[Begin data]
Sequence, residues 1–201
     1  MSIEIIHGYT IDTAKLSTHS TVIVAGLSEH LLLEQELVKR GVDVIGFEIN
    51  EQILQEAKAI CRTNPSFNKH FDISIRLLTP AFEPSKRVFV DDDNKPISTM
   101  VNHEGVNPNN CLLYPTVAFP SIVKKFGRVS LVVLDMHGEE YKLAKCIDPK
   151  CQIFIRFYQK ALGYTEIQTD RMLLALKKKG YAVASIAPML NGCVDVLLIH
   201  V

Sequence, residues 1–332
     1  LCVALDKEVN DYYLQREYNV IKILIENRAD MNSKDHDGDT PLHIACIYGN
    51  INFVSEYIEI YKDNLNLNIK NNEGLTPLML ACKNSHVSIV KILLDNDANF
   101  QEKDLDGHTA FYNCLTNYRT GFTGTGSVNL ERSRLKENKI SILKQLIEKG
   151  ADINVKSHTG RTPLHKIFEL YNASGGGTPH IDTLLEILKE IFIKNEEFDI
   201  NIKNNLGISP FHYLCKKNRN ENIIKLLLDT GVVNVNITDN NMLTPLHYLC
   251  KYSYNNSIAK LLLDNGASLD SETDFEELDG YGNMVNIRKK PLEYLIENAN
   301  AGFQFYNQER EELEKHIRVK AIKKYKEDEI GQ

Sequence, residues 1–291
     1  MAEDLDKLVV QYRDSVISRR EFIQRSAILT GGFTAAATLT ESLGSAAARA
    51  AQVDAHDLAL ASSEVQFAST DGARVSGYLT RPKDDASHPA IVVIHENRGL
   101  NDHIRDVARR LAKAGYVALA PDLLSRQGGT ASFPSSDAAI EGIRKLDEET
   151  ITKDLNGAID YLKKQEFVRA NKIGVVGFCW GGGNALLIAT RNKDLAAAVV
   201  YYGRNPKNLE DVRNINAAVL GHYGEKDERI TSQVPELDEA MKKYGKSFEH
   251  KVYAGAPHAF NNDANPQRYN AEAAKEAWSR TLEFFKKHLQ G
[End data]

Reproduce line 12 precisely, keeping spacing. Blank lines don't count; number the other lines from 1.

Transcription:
   201  NIKNNLGISP FHYLCKKNRN ENIIKLLLDT GVVNVNITDN NMLTPLHYLC